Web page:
Making It My Brand

Yes, I’ve been bad. I’ve been selling books on Amazon. I’ve learned my lesson. I will never build my brand (or at least not the brand I want) if I am selling on Amazon as a third-party reseller. It’s hard to give it up! It’s addictive. You find books, ship them to an Amazon warehouse (for a reduce shipping rate) and someone else stores them, picks and packs them when the time comes, and handles all the details. But we pay a premium for that service, and it is costly. Not only is it cutting into my profit margin, but it is costing me the growth and exposure of my own brand, which is non-existent as long as I am relying on Amazon. I’ve got to quit.

I need to absolutely quit.

I quit.

The remaining titles are being “picked and packed” from the warehouse to be returned to me over the weeks to come. I’m getting everything listed on the new website.

Click me! Buy Me!
I’m the only one left!

Now, the most obvious difference between listing on Amazon and having your own website is the exposure. Tens of millions (LOTS of tens of millions) of people go online to shop Amazon. People pay over a hundred bucks a year just to be a member. How many online stores can get their customers to do that?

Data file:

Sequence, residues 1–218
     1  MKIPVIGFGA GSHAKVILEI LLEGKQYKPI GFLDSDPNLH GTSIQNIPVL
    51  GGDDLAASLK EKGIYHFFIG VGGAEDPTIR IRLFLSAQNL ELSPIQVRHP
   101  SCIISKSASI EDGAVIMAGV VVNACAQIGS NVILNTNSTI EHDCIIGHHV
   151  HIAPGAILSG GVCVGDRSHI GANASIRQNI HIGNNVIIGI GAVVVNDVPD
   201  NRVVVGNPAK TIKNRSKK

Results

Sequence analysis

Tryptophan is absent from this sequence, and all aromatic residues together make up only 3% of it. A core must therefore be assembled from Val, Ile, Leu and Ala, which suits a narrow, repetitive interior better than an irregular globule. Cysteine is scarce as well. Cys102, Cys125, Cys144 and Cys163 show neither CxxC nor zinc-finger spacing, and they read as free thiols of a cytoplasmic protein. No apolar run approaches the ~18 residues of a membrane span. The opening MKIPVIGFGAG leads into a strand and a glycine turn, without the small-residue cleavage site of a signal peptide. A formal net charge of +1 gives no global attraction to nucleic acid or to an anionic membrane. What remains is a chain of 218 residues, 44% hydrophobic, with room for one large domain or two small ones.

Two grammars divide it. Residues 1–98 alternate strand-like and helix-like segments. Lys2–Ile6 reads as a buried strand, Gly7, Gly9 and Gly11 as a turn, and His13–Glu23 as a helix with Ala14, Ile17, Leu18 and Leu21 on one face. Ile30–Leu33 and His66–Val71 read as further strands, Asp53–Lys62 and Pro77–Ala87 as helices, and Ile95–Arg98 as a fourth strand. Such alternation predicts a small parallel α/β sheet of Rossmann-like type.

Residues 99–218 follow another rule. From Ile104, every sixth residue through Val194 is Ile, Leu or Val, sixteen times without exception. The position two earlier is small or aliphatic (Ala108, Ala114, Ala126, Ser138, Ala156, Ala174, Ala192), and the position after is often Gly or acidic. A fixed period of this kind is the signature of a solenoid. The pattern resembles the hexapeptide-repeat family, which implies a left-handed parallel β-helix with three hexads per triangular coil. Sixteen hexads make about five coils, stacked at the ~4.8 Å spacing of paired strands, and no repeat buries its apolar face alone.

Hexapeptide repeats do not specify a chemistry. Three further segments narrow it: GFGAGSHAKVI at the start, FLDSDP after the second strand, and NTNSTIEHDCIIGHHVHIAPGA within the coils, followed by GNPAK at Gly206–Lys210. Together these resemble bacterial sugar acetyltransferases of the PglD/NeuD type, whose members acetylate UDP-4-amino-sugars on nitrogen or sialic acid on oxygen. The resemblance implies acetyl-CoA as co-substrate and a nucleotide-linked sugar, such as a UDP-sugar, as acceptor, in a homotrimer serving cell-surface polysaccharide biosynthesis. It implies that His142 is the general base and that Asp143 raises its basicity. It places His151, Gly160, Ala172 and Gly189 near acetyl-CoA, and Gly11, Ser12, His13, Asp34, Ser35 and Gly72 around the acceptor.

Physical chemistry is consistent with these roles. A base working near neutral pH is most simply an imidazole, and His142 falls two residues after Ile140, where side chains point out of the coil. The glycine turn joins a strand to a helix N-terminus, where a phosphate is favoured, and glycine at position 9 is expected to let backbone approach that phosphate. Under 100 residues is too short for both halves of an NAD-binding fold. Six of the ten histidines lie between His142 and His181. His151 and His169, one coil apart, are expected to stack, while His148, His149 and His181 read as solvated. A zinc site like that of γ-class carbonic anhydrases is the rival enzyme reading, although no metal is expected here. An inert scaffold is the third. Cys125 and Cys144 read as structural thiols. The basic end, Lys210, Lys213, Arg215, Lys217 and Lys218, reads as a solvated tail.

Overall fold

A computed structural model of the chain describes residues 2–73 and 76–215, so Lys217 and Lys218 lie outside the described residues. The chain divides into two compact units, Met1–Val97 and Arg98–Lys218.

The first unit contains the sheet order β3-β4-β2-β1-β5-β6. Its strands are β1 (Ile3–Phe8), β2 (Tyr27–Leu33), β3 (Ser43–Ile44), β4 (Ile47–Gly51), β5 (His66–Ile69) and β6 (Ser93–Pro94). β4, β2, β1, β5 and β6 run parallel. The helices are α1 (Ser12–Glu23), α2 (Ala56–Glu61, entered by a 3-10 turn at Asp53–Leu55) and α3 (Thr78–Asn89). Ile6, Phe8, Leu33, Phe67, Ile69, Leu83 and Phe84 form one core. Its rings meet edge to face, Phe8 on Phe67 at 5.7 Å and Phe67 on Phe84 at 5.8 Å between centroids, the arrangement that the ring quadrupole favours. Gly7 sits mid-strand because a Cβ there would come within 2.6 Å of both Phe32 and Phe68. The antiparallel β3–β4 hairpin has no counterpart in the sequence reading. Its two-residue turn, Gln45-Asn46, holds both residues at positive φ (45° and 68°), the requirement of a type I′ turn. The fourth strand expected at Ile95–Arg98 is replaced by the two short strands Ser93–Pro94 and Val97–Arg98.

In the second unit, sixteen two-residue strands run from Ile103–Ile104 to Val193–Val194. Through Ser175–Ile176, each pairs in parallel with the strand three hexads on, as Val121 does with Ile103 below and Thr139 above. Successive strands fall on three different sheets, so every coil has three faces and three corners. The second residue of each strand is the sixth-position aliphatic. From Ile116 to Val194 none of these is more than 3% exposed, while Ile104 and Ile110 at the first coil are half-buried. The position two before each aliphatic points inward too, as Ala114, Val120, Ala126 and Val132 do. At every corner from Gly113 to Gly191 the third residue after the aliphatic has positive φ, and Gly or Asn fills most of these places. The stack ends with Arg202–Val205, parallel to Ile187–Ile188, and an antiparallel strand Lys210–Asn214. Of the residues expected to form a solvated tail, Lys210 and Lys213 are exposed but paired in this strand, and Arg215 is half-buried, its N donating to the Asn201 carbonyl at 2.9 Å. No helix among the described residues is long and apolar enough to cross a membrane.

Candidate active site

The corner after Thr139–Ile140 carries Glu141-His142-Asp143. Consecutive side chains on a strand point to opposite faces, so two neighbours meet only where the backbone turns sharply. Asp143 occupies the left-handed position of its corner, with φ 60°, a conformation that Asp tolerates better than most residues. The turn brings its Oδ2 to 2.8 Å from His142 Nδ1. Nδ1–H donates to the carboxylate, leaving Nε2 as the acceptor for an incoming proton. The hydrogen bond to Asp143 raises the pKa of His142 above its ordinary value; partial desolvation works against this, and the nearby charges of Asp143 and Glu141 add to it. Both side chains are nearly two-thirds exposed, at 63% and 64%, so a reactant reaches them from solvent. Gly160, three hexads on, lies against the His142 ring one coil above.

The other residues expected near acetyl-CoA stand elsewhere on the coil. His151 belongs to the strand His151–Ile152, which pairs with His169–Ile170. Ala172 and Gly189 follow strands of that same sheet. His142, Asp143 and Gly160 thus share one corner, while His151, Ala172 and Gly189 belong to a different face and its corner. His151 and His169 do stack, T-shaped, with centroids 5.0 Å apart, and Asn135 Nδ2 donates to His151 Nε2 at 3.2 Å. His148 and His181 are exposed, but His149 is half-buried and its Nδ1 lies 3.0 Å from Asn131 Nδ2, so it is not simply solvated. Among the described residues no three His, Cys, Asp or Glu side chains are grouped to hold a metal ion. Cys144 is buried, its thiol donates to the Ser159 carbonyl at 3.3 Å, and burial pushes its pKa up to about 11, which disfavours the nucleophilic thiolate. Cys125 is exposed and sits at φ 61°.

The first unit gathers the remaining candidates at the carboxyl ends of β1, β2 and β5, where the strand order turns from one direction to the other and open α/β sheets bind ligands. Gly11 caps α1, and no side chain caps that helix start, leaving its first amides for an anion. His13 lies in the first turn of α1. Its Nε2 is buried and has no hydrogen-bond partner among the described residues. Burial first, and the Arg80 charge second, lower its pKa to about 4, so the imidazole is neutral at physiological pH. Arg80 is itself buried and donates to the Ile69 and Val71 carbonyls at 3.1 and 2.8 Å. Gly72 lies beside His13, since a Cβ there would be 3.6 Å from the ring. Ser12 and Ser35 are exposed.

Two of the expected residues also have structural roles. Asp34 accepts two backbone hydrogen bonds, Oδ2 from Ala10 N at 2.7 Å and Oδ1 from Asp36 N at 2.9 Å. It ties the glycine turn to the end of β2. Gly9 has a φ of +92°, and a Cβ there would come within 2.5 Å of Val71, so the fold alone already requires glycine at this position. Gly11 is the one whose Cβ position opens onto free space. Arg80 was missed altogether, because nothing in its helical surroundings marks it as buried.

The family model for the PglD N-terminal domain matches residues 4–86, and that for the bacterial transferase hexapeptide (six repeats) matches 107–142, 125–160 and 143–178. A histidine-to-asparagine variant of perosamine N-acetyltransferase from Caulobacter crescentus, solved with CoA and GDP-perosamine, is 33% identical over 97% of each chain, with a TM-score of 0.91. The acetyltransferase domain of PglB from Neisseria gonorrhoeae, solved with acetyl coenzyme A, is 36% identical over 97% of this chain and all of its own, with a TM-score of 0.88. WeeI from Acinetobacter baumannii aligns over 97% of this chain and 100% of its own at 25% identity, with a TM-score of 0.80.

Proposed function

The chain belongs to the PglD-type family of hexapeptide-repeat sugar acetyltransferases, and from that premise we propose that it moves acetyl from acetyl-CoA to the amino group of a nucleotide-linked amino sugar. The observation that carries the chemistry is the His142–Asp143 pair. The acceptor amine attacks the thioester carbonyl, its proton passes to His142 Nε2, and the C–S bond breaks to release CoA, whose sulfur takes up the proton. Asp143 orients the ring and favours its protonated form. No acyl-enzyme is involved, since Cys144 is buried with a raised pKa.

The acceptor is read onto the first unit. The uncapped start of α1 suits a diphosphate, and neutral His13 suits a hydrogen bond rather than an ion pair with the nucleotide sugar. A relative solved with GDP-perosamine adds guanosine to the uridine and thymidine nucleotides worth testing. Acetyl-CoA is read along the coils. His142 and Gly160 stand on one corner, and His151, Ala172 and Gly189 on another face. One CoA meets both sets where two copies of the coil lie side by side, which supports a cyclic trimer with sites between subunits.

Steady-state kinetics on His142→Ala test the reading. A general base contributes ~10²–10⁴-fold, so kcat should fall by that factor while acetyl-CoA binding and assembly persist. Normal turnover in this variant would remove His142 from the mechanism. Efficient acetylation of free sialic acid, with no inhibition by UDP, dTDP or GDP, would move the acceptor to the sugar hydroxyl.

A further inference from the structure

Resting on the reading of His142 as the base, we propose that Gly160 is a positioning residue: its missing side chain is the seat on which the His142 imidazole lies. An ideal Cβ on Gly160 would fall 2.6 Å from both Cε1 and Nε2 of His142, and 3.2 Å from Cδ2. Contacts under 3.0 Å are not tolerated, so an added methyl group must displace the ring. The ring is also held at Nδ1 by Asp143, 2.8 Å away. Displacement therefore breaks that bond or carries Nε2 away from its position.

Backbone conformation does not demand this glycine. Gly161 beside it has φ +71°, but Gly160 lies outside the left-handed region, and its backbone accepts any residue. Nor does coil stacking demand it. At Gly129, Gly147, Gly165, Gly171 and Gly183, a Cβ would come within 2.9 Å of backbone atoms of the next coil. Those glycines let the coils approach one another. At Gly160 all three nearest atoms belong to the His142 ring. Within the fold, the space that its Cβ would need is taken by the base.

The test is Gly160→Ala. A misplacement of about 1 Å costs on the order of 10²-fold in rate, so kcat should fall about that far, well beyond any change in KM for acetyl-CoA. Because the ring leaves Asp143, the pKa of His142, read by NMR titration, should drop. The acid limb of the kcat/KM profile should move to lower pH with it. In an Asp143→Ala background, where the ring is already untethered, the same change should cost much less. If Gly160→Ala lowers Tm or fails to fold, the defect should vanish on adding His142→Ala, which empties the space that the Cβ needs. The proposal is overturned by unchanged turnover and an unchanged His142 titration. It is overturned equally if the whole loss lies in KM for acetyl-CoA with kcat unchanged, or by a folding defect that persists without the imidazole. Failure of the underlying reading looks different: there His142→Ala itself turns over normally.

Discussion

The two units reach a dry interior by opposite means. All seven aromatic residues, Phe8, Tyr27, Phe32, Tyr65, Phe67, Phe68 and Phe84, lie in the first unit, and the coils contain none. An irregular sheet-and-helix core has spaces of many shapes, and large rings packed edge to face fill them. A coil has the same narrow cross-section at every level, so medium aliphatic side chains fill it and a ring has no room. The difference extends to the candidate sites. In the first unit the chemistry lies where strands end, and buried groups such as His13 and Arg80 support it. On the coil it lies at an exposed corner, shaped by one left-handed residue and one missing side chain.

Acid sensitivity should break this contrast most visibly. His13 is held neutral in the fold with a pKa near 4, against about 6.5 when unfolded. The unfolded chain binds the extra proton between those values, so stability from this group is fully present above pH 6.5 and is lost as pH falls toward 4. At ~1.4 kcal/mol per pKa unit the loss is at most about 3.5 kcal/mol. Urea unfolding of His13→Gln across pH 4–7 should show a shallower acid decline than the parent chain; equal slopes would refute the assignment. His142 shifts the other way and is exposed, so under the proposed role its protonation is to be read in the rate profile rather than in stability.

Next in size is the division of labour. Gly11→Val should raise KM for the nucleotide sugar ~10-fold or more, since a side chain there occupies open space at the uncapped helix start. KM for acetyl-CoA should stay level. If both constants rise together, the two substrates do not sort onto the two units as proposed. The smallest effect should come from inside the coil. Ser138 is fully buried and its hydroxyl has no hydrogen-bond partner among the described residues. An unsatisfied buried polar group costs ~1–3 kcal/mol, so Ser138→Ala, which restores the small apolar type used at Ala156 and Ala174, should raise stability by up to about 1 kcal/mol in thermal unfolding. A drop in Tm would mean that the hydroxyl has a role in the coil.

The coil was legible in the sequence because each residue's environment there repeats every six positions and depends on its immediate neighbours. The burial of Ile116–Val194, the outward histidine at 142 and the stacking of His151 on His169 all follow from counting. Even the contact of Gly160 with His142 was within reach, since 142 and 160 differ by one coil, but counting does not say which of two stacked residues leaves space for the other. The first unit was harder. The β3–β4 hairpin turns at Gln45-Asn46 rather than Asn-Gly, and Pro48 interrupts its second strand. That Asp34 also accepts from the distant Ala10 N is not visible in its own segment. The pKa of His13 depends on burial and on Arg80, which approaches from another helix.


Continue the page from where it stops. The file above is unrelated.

Yep. It’s the classic John Updike novel referred to as “a burlesque of the quest for enlightenment, and an affectionate meditation on American womanhood. ”

What this means for me is I have to do all my own marketing and advertising. The build-it-and-they-will-come marketing plan has only ever worked once, and that was in a movie. I am promoting through social media right now (this blog is a part of that, obviously) and that takes time to build momentum. I have promos of various flavors and one of them is for getting people to sign up to receive email promotions. I’ve had that one running for a solid day now and I have one lead. Granted, it’s not a huge-budget campaign, but it’s a start, I suppose.

There are going to be more opportunities and some of them will be mistakes. The trick is to find more of the former and as very little of the latter. I know I need to develop as much direct marketing potential as possible, and that is analogous to when rich people say “The first million is the hardest” and then chuckle aimlessly. It’s a long row to hoe.

If anyone has any cost-efficient and highly effective methods of promotion, I’d love to hear your suggestion. Have a great evening!

Published by kurt copeland

One day, I’m gonna have a book store. You wait and see.

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